Robinson was out of the traps quickly to close down Ochieng, to neutralise his highly effective jab. Ochieng used a bit of savvy and went on the back foot to find some room to get his jabs off. Robinson kept coming forward throwing some pretty wild shots until eventually he had backed Ochieng onto the ropes. Robinson kept throwing wild off target shots at the ever ducking and weaving ‘Eagle’. Ochieng responded with some highly effective stiff jabs to force Robinson back until his next rally. It was a close round, Robinson the more aggressive, but failing to hit the ever moving target, whilst Ochieng was more controlled and getting results by landing good solid jabs.
Round two was more of the same with Robinson pushing. Ochieng on the other hand was content to stay with his back to the ropes and pick off Robinson at will, with stiff jabs and punishing one-twos to the body. An easy round to call as Robinson barely landed a punch for all his wind milling whilst Ochieng, who barely threw a couple of dozen shots the whole round, landed each effort solidly, much to the delight of this fans who in unison chanted ‘Eagle, Eagle, Eagle’ after each contact.
Both rounds three and four were more of the same, Robinson flies out of the trap but ‘The Eagle’ just stays calm and picks him off at will – Robinson pushes forward but barely lands a glove on the ever mobile Ochieng, yet gets caught himself by every precision counter.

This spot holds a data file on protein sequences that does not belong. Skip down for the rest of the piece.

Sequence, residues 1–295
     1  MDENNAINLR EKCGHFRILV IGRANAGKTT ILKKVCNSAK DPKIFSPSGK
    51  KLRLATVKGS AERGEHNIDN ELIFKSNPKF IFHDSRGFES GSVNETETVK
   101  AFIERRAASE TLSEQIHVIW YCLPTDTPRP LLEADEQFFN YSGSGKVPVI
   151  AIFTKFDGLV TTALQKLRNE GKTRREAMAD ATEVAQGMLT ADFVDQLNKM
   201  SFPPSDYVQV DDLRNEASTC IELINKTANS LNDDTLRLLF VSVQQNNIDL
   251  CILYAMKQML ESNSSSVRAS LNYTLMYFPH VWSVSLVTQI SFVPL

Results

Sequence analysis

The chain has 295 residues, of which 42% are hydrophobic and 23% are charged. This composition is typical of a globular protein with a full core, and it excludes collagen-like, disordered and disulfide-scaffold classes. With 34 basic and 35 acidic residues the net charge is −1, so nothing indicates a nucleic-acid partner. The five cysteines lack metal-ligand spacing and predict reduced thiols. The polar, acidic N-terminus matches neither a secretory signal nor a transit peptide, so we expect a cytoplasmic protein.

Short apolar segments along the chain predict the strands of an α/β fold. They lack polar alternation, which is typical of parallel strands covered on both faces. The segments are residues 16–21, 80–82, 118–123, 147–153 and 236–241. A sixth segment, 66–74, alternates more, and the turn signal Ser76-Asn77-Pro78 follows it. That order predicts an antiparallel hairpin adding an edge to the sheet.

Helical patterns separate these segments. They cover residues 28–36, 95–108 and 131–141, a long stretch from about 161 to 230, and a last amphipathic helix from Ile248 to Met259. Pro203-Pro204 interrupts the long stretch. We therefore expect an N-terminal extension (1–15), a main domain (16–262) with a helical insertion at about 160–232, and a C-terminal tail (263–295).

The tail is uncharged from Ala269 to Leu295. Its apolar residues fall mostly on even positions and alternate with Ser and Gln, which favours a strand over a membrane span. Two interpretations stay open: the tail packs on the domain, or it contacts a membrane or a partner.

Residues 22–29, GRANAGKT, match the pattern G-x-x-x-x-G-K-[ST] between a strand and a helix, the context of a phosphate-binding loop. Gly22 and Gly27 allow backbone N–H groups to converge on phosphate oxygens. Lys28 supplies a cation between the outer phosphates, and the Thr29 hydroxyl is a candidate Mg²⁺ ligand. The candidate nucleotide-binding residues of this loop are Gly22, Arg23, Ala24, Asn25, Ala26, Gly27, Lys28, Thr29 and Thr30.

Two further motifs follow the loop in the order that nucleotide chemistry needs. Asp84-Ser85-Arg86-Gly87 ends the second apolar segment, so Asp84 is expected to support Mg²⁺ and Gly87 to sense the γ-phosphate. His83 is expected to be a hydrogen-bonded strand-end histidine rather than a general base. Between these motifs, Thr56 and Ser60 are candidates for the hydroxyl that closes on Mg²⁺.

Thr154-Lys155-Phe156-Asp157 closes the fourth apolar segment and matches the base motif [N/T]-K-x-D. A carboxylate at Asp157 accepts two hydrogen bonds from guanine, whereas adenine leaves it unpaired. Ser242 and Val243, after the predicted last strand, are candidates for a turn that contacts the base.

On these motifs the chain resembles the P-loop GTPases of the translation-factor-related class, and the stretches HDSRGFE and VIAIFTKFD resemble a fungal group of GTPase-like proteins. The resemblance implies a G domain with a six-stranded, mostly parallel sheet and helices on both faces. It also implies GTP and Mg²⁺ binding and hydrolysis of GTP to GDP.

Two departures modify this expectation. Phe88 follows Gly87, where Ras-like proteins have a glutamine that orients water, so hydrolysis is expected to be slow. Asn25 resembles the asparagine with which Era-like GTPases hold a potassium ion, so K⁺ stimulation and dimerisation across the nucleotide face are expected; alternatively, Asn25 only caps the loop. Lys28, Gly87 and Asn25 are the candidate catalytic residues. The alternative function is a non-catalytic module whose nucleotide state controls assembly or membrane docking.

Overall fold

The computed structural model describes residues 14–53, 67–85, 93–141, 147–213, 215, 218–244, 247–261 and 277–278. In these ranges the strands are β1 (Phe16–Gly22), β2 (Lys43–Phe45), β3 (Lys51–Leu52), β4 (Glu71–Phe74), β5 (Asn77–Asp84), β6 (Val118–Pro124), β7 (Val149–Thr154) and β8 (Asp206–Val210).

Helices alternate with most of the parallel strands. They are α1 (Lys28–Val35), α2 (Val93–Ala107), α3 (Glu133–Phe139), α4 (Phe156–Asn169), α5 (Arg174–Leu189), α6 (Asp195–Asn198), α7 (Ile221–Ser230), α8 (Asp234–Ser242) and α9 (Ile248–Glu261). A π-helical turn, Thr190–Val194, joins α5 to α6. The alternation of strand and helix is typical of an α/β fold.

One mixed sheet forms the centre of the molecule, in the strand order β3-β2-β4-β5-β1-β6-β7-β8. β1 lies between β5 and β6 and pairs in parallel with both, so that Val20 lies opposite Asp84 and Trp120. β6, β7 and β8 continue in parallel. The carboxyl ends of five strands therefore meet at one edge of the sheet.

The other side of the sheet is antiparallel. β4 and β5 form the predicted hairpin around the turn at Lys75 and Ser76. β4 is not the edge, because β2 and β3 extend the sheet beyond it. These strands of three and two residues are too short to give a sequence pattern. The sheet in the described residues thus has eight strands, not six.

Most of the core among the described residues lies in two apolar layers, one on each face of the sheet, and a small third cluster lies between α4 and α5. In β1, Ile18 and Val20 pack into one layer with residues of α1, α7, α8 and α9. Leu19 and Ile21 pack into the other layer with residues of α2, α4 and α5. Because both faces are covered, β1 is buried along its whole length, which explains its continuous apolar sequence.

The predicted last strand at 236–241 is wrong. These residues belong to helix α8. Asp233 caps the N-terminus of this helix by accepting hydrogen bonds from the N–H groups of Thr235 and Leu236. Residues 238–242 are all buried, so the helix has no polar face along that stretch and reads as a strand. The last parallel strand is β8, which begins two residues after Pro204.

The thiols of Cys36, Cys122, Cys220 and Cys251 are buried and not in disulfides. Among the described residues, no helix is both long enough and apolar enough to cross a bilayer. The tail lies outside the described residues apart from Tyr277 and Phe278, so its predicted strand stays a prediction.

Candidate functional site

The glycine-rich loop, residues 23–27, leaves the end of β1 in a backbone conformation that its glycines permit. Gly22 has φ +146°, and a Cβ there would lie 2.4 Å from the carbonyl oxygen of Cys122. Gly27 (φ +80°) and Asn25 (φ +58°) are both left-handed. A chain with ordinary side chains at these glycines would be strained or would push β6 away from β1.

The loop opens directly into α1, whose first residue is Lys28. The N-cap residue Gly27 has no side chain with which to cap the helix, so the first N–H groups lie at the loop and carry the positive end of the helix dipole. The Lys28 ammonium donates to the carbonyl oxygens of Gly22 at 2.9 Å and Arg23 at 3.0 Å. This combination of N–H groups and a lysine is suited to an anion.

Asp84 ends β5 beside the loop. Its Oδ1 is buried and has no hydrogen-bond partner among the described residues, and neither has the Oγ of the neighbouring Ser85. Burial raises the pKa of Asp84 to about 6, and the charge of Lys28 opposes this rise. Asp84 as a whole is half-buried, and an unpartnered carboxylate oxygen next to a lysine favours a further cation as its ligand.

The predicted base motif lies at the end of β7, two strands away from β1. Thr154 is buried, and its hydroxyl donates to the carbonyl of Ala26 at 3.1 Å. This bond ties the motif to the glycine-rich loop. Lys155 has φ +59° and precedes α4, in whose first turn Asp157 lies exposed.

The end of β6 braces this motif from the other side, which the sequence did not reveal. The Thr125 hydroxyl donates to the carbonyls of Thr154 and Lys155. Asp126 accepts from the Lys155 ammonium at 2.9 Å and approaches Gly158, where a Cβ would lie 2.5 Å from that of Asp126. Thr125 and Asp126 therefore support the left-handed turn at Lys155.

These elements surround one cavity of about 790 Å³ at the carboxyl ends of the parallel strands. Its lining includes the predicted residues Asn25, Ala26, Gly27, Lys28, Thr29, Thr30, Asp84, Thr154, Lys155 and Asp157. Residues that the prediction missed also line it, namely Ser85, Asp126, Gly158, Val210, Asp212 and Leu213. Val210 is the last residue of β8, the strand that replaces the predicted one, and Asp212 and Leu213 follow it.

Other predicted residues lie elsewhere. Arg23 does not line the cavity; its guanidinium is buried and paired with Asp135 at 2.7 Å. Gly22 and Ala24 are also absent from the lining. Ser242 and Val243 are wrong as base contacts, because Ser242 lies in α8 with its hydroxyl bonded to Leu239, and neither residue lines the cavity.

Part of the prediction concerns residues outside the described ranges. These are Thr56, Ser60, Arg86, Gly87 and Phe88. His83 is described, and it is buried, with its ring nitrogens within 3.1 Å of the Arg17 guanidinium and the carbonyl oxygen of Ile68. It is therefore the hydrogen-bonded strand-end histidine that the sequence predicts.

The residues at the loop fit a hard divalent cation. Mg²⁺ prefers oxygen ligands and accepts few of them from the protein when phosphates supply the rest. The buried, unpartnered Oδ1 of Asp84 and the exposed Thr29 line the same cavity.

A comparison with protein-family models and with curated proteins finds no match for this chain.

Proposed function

The crowd jeer as the referee raises Robinson’s arm aloft declaring him victorious by a 39-38 points margin. Ochieng and his manager-coach Brian Lawrence look around confused as Robinson celebrates.
Shortly after the result was officially read out promoter Spencer Fearon announced that there will be a rematch at his next show, much to the delight of the assembled crowd.
Even after being robbed of a clear win Erick just shrugged his shoulders and said. “I know I won and the fans know I won, that’s what matters. I’m disappointed to have a loss on my record but have put that behind me and focusing on the next fight, which I have been told will be for the Southern Area title.”
You just can’t help admiring Erick’s attitude, I don’t think I for one would just accept such a blatant bad decision so easily. Saying that there is a lot to admire with this young man, as I found out when I caught up with him, at the TKO Boxing Gym in Canning Town, and got to talk with him about his career to date as well as his future aspirations.
Rio) Hi Erick, thank you for taking the time to talk with me today. How’s training been going?
Erick) First of all I want to thank God for my career. I also want to thank my supporters, they’re awesome I get such great support
I’m focused and coming on strong with my technique, you know I’m really happy with the progress and the coaching. Brian Lawrence, my coach-manager, does great work, great support.
I’ve had seven fights now, six wins, one loss and I’m looking for the Southern Area title, which will be my next fight. So things are looking bright, as I say I am already World Champion as the world is about to find out soon.
Rio) Your first couple of fights were unusually tough for a prospect. How do you feel having such tough fights against quality opponents so early on in your career has benefited you?
Erick) My first fight I had Matt Scriven, for my second fight I had Prince David, that was his debut fight. When you go in against them kind of guys they’re coming to win. It was good to have this fight, fights like this make you stronger.